[Re: It’s a national scandal that Britain is driving away foreign talent, yesterday]
Lord Bilimoria hits the nail on the head. The government’s ridiculous net migration target has had the perverse effect of forcing the Home Office to tighten up the rules on international students, who are presumably the very migrants we should be most keen to attract. Not only is education a massive export industry for Britain, but these students go on to found companies in the UK and fill crucial skills gaps. And even if they return to their original countries, they have a life-long connection with Britain.
[Re: Letters to the editor, yesterday]
Richard Emms suggests that, if sellers paid stamp duty rather than buyers, first-time buyers would be able to use the money towards a deposit. This is not how it would work in reality. Basic economics makes it clear that, in a seller’s market, asking prices would simply increase by the amount of stamp duty, leaving the amount the buyer pays unchanged.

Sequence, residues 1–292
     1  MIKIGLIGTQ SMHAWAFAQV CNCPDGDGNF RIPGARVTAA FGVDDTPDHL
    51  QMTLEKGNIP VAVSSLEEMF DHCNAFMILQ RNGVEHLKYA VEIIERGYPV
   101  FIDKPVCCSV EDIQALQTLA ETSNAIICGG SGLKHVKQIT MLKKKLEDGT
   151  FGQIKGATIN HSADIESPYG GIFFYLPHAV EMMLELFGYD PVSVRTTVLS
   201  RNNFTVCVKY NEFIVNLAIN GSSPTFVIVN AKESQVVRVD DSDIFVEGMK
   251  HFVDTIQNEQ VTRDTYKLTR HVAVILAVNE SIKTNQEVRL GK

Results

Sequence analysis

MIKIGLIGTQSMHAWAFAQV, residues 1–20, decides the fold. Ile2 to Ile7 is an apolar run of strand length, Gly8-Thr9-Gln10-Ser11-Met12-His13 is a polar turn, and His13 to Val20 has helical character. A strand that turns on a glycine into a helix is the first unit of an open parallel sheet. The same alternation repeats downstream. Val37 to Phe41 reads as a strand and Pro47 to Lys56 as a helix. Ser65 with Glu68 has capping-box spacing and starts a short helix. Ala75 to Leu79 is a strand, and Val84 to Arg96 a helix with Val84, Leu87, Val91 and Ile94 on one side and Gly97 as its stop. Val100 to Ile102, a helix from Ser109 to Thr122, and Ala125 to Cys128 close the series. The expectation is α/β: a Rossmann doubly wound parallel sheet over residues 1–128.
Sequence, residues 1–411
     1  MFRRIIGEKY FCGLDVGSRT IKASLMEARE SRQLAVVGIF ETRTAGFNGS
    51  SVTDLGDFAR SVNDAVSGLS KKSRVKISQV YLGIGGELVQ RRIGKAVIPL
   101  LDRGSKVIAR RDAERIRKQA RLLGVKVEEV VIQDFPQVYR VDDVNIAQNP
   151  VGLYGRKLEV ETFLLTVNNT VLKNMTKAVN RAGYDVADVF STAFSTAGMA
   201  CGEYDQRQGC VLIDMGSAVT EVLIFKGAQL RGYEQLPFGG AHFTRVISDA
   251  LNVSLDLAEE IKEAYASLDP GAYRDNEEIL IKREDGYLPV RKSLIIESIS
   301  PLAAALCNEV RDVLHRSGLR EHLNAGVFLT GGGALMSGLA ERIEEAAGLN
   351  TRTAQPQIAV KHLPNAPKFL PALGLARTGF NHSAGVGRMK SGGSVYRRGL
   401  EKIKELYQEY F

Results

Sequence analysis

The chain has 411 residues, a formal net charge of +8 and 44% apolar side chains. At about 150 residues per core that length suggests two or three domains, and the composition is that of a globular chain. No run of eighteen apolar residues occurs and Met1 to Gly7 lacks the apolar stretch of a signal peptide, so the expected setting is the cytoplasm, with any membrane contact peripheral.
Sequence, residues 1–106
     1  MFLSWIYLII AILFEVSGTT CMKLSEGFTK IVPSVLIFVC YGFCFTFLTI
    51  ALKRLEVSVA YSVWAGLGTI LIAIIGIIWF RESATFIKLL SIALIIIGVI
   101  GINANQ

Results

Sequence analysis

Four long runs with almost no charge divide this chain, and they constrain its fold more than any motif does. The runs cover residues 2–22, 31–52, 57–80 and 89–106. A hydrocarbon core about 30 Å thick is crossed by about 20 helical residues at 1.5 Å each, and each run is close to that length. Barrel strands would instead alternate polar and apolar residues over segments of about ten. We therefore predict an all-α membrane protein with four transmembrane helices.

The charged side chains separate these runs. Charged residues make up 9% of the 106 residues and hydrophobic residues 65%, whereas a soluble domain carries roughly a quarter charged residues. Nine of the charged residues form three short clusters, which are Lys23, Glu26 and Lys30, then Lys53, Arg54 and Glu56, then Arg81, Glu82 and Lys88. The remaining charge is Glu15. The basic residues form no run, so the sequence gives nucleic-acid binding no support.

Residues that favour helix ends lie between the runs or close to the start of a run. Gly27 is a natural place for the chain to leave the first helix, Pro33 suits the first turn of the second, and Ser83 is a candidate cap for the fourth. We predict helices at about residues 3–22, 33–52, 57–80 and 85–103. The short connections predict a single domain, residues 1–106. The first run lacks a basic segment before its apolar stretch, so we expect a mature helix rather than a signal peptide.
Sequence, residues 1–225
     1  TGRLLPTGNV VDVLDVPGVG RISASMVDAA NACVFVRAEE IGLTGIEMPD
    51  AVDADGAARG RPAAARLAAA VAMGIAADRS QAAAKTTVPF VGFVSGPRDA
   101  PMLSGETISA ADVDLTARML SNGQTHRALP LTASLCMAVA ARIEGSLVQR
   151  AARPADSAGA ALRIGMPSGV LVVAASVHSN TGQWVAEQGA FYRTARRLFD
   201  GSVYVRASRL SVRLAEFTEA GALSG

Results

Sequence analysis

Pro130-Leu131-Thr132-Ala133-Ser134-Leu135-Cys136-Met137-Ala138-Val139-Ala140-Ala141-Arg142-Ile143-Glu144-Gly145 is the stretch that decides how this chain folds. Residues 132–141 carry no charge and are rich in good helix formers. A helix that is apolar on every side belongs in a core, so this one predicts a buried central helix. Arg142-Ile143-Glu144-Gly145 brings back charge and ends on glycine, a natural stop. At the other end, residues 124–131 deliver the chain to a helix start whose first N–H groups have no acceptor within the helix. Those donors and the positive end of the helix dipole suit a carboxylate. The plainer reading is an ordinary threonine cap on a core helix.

There’s no point tweaking stamp duty (Emms acknowledges the perverse outcome). Scrap it.
BEST OF TWITTER
By 69 to 13 per cent, Conservative voters tell ComRes that Cameron should have sacked Maria Miller.
Lots of funky maths in IMF’s latest world outlook report. Doesn’t mean they can forecast though.
We will not hesitate to use 21st century tools to hold Russia accountable for 19th century behavior.
Sanctions will not deter Putin on Ukraine. US should not presume otherwise.